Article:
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The 2019 Private Funds CFO Insights Survey reveals an unexpected pattern. Although the demands loaded onto the back office are growing (due to LP reporting, soaring fund sizes and regulatory scrutiny, among other factors), the rate of back office hiring appears to be slowing. Only just more than a quarter of respondents plan to increase their team by more than one person, compared with more than a third last year.
Bill Tomai, CFO at Centre Partners, believes that “hiring will continue above trend as more funds are created.” But, he adds, “after a long period of above trend growth, a slow down makes sense.” Looking to the future, he expects the automation of the routine elements of reporting will eventually dampen hiring growth.
Today, not everyone notices a change in pace. “Back office [recruitment] is not slowing for us, but it is also not picking up: [it’s] flat,” says one CFO. “I don’t see this changing any time in the near future.”
“We are not seeing that [slow down in pace], we are spending more time on internal and external reporting,” says another CFO. The divergence of opinion seems to reflect the state of private markets today: a wide variety of firms at different levels of maturity investing across different strategies in numerous locations, each with their unique back office staffing needs.
A third CFO comments that he doesn’t know if a slowdown in the rate of hiring is a trend because “I outsource most back office functions.” His response highlights a key determinant of team size: how much work a CFO deems appropriate to delegate to external service providers.
“Our internal back office headcount has been stable over the last three years, but if you include all outsourced work, the number of people involved in supporting the back office function has increased,” notes Dimitri Korvyakov, CFO at Sandton Capital Partners. “So while hiring directly by investment advisors may have slowed down, I would expect the slack was picked up by the companies supporting the back office, like fund administrators, compliance consultants, etc.”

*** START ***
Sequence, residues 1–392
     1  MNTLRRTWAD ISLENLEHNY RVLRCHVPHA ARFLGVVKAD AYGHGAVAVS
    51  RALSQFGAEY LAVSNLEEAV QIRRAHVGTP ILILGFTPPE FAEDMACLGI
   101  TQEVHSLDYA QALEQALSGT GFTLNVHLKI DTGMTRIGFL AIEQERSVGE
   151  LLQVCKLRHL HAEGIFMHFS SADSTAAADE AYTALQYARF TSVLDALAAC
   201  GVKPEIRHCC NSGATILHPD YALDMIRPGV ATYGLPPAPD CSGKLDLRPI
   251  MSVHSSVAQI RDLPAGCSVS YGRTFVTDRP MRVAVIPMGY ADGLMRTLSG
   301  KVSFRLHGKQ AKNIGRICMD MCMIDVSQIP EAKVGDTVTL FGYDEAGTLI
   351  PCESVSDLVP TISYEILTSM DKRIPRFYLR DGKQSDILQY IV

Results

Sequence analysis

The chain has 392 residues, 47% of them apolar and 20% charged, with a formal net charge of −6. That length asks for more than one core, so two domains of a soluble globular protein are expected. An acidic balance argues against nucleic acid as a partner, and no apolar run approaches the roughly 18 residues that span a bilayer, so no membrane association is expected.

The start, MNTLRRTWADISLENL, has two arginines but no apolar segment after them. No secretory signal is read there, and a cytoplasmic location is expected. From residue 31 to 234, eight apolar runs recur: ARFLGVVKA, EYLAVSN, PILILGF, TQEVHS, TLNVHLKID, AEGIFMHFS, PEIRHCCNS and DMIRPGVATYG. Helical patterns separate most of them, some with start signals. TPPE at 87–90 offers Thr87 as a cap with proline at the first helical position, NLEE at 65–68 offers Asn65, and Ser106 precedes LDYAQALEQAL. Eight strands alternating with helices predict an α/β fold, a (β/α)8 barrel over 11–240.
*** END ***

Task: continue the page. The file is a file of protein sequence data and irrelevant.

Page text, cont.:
In the face of increased investor scrutiny, CFOs need the additional support. “I would always consider [outsourcing back office functions], and there is usually at least one workstream in each function where you can leverage a third-party’s technology, scale and human resources,” another CFO points out.
One-third of respondents have seen a hike in LP interest in back office functions over the past three years. But LPs still expect a strong CFO to oversee the back office and external providers. An overwhelming majority of respondents, 73 percent, report that a permanent CFO is “to a great extent” an LP “must have.”
One area where LPs insist that firms invest in support is cybersecurity. “One area where we’ve seen a significant uptick in due diligence by prospective investors and relates to cybersecurity infrastructure,” says Fred Steinberg, SANNE’s managing director for North America. “Over the past few years, it has become a hugely sensitive area.”
Compliance is a top priority for investors (around half of respondents report that LPs ask detailed questions on this topic), which is an area that GPs prefer to keep in-house. Only a third outsource these services. “We already outsource tax, accounting and IT,” says one CFO. “We’ve no plans to outsource compliance. However, we are required to appoint a regulated fund administrator and to appoint a compliance officer for the fund/manager. This is in addition to our in-house compliance function.”
One chief compliance office notes that while he is open to outsourcing tax, accounting, technology and compliance, the latter “still needs someone in-house to oversee/own it.”
Similarly, 88 percent of respondents conduct investor relations from within the fold, and only 11 percent – the lowest proportion across functions – plan to increase the amount they outsource.
Unsurprisingly, tax and technology – areas that require cutting-edge expertise – are the two most commonly outsourced functions at 88 and 73 percent, respectively. Of all functions, the biggest proportion of respondents – around one-third – plan to increase outsourcing of fund accounting, which is already high at 69 percent.
However, oversight remains a CFO concern. “I do not think that we should outsource 100 percent of [any] function, as we need to retain some control,” says Korvyakov.